Dimensions of soil health (part 2) - Banner

Dimensions of soil health (part 2)

Dimensions of soil health: Soil and Roots


1. Functional Groups

Soil microorganisms can be classified into functional groups according to the biological function they take on in a given ecosystem. For example, “all microorganisms that act in the N cycle (e.g., diazotrophic, nitrifying, denitrifying, ammonifying and proteolytic bacteria, etc.) and C cycle (e.g., cellulolytics, amilolytics, proteolytics, etc.) are examples of functional groups''.  Here, the focus is not the individual species themselves, but the role they play collectively in an environment. Regardless, all of the biological components or biological communities of soil such as plants, animals, insects, earthworms, nematodes, arthropods, protozoa, fungi, and bacteria, are crucial components of soil health.

 


2. Microbial Community

Because the microbial community or microbiome are responsible for much of the recycling and transport of nutrients and water that occurs in the soil, they too are essential for overall soil health and productivity. According to Cardosa et al., “a teaspoon of soil can contain a billion bacterial cells, several to hundreds of yards of fungal hyphae, thousands of protozoa, and 10-20 nematodes (Ingham, 2018).”. As an example of some of the benefits of this microbial community, Rhizobium bacteria fixes nitrogen in legumes such as soybeans. Arbuscular mycorrhizal fungi (AMF), a group of beneficial fungi, form close bonds with plants and help them absorb nutrients.

 
 
 
 
 
 
 
 
 
 
 
 
 
 
 


3. Soil Biological Buffering

Contrary to chemical and physical properties, soil biological components can help with resistance, which is the ability of communities or populations to remain unchanged when stressed by a disturbance. Because “soil with high microbial diversity has more chance to keep the ecological processes after a disturbance.”. 

 
 
 
 
 
 
 
 
 
 
 
 
 
 
 

4. Biochemical Indicators

Besides microbial activity and biomass, biochemical indicators i.e. soil enzymes, are another useful indicator of soil health. They are similarly responsive to changes in soil use and management. During carbon and nutrient cycling in soil, enzymes act as catalysts in different reactions.  Additionally, soil respiration, production of carbon dioxide via soil organisms, has also been used widely as a bioindicator of soil health.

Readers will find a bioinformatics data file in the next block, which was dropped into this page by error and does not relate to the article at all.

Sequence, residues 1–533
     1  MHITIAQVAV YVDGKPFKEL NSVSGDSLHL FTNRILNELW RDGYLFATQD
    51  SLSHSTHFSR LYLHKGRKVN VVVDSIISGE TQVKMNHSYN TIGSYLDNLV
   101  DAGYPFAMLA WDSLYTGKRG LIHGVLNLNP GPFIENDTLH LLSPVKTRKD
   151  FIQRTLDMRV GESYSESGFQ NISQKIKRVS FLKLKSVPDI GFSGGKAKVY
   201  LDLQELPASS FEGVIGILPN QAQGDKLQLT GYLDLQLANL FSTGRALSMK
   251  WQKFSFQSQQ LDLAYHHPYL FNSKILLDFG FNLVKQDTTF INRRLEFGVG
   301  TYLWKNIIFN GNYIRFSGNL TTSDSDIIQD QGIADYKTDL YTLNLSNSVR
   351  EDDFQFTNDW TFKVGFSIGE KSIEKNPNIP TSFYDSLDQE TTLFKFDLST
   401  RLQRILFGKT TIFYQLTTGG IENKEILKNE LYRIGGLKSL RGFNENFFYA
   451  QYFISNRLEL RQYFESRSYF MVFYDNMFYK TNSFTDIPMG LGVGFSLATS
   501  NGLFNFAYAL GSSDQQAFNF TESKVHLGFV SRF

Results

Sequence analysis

5. Importance of Biological Properties

“Biological properties” as expressed by one noted agronomist “are a forgotten and neglected dimension during more than a century of intensive agriculture practises.” But now that biological properties have gained more and more scientific evidence to support their importance, we can arrive at the conclusion that a combination of all three properties will ultimately lead to ideal soil health and productivity.

 
 
 
 
 
 
 
 
 
 
 
 
 
 
 
Dimensions of soil health: Soil and plant

A Symbiotic Network

This key passage sums up the interactivity of the three components brilliantly: “The soil microbiome is truly a very dynamic, active, and diverse community. The microbial community performs much of the activities of breaking up and recycling plant residues, and capturing nutrients and water. The bacteria and fungi form close interactions with plants, creating symbiotic relationships that benefit both the plants and the microbes. The microbes mine nutrients and water from the soil and transfer these to the plants. In turn, the plants release sugars (carbohydrates) that the microbes need for an energy source. This dense, symbiotic network is the key to soil health.”

 
 
 
 
 
 
 
 
 
 
 
 
 
 
 
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Bibliography

References:

Curell, C. C., Gross, P. G., & Steinke, K. S. (2012, November 20). Soil health and soil quality. Https://Www.Canr.Msu.Edu/. https://www.canr.msu.edu/news/soil_health_and_soil_quality

Soil Basics. (n.d.). Https://Www.Soils.Org/. https://www.soils.org/about-soils/basics/

Sevanthi, A. M., Prakash, C., & Shanmugavadivel, P. (2019). Recent Progress in Rice Varietal Development for Abiotic Stress Tolerance. Advances in Rice Research for Abiotic Stress Tolerance, 47–68. https://doi.org/10.1016/b978-0-12-814332-2.00003-4

Cardoso, E. J. B. N., Vasconcellos, R. L. F., Bini, D., Miyauchi, M. Y. H., Santos, C. A. D., Alves, P. R. L., Paula, A. M. D., Nakatani, A. S., Pereira, J. D. M., & Nogueira, M. A. (2013). Soil health: looking for suitable indicators. What should be considered to assess the effects of use and management on soil health? Scientia Agricola, 70(4), 274–289. https://doi.org/10.1590/s0103-90162013000400009

Kime, L. (2021, July 18). Soil Quality Information. Penn State Extension. https://extension.psu.edu/soil-quality-information

Idowu, O. J., van Es, H. M., Abawi, G. S., Wolfe, D. W., Ball, J. I., Gugino, B. K., Moebius, B. N., Schindelbeck, R. R., & Bilgili, A. V. (2008). Farmer-oriented assessment of soil quality using field, laboratory, and VNIR spectroscopy methods. Plant and Soil, 307(1–2), 243–253. https://doi.org/10.1007/s11104-007-9521-0

Singh, B. & Schulze, D. G. (2015) Soil Minerals and Plant Nutrition. Nature Education Knowledge 6(1):1

Garcia, C., Nannipieri, P., & Hernandez, T. (2018). The Future of Soil Carbon: Its Conservation and Formation (1st ed.). Academic Press.

Team, F. (2016, February 24). Soil Structure and the Physical Fertility of Soil. Future Directions International. https://www.futuredirections.org.au/publication/soil-structure-and-the-physical-fertility-of-soil/